In Step With ‘Divine Destiny’


A disease shut down Cleo Parker Robinson’s kidneys and caused a heart attack when she was 10. Doctors said she would never have a normal childhood.

Cleo didn’t listen.

“I learned this thing about will,” she said. “I was an overachiever because I had been given the gift of life.”

Already engrossed by her love of dancing, Robinson started down a path that would lead to successes beyond her wildest dreams, including the creation of a world-famous modern dance company.


Robinson built the 30-year-old company from a fledgling grass-roots organization with no money to a business with an overall operating budget of nearly $1.5 million this year. She has defied tradition by keeping her company in Denver and promoting multiculturalism.

“She’s been a leader in trying to ensure that the African-American modern dance contribution is kept alive and vibrant. There are other repertoire companies that might do it similar, but she has been a leader,” said Douglas Sonntag, director of dance at the National Endowment for the Arts. “She was one of the first people who started dance companies outside of New York City. So she’s really played a role of a pioneer.”

Robinson’s company, dance school and theater are housed in a historic church in the heart of Denver’s black community.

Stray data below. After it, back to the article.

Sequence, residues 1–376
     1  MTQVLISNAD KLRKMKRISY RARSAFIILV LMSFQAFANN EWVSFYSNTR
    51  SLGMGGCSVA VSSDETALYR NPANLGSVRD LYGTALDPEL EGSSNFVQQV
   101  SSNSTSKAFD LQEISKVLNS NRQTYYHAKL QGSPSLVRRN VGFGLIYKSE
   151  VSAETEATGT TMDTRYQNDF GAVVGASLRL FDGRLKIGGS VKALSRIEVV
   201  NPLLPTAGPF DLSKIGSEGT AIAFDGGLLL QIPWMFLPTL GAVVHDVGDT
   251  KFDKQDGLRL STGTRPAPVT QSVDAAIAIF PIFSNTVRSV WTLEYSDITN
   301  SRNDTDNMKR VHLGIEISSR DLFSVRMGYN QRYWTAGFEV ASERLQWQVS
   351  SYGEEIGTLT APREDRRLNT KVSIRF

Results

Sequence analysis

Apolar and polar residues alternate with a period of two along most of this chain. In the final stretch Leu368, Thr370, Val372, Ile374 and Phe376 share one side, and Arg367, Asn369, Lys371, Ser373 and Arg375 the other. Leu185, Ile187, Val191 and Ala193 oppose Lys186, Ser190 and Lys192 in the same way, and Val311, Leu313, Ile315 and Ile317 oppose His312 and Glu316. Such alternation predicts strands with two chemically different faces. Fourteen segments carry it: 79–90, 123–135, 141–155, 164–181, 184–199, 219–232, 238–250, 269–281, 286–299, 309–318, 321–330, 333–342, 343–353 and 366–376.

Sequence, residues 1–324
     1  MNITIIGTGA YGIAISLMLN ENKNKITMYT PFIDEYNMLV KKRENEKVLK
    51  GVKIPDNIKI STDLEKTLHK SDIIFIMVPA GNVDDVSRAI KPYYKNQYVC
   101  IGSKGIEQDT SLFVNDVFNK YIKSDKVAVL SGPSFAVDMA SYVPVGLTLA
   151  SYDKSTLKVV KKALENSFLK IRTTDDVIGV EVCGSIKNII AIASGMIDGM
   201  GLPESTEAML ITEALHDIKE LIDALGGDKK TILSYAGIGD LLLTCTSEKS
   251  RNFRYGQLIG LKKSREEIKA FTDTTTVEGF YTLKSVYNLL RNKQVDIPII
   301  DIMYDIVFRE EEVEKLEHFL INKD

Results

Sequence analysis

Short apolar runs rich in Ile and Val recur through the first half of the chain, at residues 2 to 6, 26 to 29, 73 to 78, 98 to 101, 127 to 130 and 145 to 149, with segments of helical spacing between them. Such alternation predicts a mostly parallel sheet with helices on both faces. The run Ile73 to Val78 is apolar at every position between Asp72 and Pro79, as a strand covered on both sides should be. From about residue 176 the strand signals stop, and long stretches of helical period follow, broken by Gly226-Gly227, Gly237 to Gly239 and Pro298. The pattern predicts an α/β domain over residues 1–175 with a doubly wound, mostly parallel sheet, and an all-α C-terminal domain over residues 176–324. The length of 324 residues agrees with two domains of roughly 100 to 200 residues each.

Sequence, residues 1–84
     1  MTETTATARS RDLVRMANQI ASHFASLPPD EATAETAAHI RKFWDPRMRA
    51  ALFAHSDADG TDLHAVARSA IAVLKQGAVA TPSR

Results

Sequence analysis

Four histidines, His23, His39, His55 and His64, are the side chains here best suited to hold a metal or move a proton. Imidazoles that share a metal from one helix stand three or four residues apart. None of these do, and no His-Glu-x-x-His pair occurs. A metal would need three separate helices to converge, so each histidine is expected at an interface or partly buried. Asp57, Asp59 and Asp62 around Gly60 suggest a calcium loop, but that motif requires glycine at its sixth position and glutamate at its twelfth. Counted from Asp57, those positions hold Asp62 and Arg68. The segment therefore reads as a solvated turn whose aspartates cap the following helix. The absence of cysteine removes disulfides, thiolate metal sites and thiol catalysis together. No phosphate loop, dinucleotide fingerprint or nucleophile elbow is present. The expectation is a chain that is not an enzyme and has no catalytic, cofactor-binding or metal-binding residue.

Her upper-level office is cluttered with stacks of papers and wall hangings displaced by dozens of posters, awards and even handwritten notes from the White House.


A dancer for as long as she can remember, Robinson is tall and muscular and carries herself with a performer’s studied posture and grace.

The Cleo Parker Robinson Dance company tours regularly, showcasing its diverse repertoire of works by Robinson and other renowned choreographers, including Talley Beatty, Katherine Dunham, Carlos dos Santos Jr. and Roseangela Silvestre.

While Robinson frequently brings in new choreographers to keep the repertoire fresh, popular pieces have emerged that are performed regularly.

In Rain Dance, a 20-minute work by Milton Myers, dancers move in a pulsing rhythm, forming a giant circle and twirling individually, their flowing skirts like giant tops on stage. Their arms sway from side to side and stretch toward the sky in a plea for rain.

“The way I imagine it is in this desert that has no rain,” company dancer Carlos Venturo said. “We get in the ritual of calling for rain; we are praying and we are stomping.”

Venturo, 29, joined the 16-member company three years ago after previous experience with the Lima Municipal School of Ballet in his native Peru. He said Robinson’s group gives him variety and passion.

“None of these pieces we do are just about the movement. They’re also about the stories they tell and the spirit they show,” he said.

Robinson said her company performs pieces that send a message through movement, and she believes that is part of its signature.


“We have a modern dance company that comes with talent and vitality,” she said. “But I think there is also a spirituality that people see.”